• 12 The Takeover
      (pp. 219-239)

      On a fine January afternoon in 1916 the portly A. L. Mohler, seeking relief from the cares piling up in his office, motored to a park in Omaha with his wife and mother-in-law to do a little skating. He wobbled onto the ice and tried a few strokes. Suddenly he lost his balance and flopped backward, striking his head hard. Too heavy for his wife and chauffeur to lift, he lay on the ice ten minutes before help arrived and got him to a hospital, where he did not regain consciousness for several hours. Three weeks later he returned to...

    • 13 The Fresh Start
      (pp. 240-257)

      The Transportation Act of 1920 was supposed to give the railroads a fresh start in the postwar era, but the past lingered on in the form of disputes over the terms of settlement ending federal control. When the director general of USRA expressed a desire to wind up the affairs of his agency quickly if the railroads would cooperate, Judge Lovett smirked knowingly. The carriers were willing, he said, but the transactions involved were so large it would take months to settle them. He was right. Like most roads, the Union Pacific spent nearly two years haggling with the government.¹...

    • 14 The New Competition
      (pp. 258-278)

      During the summer of 1919, while debate over the railroad problem raged, a veteran import-export man paused from his own labors to ask Judge Lovett a question. No one seemed to him to be discussing “the inroads which the constantly increasing number of automobiles have made in cutting down both passenger and freight business for the Railroads. Have you any idea of the tonnage that is carried by automobile trucks within a hundred miles from New York, or any other large distributing point in the United States? Or of the millions of people who have automobiles and hardly ever use...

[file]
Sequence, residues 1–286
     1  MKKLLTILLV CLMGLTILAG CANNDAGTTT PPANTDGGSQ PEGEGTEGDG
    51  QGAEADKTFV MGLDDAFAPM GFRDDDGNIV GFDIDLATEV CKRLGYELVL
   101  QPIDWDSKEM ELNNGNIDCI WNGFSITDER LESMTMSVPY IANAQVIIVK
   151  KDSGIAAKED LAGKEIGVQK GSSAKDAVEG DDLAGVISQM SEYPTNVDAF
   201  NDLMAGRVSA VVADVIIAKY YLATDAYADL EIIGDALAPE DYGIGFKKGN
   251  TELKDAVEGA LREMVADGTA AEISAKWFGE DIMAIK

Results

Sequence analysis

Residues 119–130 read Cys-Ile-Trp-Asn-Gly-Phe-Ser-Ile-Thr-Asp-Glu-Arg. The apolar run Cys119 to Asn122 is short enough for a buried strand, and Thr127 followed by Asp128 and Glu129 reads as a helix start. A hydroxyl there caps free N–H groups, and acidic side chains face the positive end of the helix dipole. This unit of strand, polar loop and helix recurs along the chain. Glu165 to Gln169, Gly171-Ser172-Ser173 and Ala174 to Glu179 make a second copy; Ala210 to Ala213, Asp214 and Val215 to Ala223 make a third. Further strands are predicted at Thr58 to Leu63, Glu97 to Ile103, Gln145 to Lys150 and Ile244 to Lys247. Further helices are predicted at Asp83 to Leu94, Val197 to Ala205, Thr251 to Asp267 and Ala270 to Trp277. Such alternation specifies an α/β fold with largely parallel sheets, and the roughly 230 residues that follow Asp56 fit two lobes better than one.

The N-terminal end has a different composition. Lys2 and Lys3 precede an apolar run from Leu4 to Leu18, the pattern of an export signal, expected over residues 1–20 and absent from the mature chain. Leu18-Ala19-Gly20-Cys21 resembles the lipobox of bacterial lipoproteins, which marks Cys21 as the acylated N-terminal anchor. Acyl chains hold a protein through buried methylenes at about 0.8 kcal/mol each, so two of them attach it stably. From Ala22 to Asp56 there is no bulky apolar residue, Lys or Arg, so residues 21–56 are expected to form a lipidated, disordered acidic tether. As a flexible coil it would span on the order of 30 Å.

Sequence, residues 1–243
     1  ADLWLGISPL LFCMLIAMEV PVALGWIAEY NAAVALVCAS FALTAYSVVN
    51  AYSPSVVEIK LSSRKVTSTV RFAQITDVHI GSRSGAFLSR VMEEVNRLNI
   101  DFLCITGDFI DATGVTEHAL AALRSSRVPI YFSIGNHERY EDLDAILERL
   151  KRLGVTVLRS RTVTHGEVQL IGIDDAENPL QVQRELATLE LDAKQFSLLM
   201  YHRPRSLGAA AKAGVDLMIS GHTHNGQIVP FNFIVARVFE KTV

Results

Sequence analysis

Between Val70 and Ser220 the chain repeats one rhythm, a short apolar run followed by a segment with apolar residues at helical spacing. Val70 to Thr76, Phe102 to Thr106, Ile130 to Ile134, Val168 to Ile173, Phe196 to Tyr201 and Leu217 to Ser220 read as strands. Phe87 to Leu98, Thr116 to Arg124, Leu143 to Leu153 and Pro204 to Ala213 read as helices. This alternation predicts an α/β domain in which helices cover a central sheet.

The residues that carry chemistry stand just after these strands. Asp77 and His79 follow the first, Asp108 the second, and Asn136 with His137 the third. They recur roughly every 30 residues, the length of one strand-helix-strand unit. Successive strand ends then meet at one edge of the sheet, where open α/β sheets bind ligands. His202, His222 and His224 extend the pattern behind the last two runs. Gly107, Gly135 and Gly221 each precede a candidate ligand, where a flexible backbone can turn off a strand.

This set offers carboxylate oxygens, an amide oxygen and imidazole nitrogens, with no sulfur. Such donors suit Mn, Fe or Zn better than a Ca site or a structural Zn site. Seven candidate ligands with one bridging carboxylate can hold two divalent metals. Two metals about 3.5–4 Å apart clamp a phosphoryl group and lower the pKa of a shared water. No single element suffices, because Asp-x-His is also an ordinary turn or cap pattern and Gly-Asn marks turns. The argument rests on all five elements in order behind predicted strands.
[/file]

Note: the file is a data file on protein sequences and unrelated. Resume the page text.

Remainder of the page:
• 15 The Counterattack
      (pp. 279-294)

      The board room of the Union Pacific floated in the clouds on the thirtysecond floor of the Equitable Building, its windows overlooking downtown Manhattan and the bay beyond. Like most board rooms it wore an air of muted opulence, a plush aerie high above the clamor of the streets. At the same time it possessed one feature not found in other board rooms. All the chairs lined one side of the table, facing a wall on which hung a map ten feet high and thirty feet long showing every mile of the Union Pacific System along with its stations, shops,...

    • 16 The Projects
      (pp. 295-316)

      The decision came partly by chance, as many decisions do. Averell was still learning, still seeking the right path to strike. Unlike the blunt, abrasive manner of his father, he had a smoother style of doing things that made them seem simpler than they were. “I really had a great deal to do with saving the Illinois Central from bankruptcy,” he explained years later. He had imposed ruthless economies on everything from maintenance to the payroll. “It was pretty hard to lay people off, but you had to do it. I think that was one reason why, when I assumed...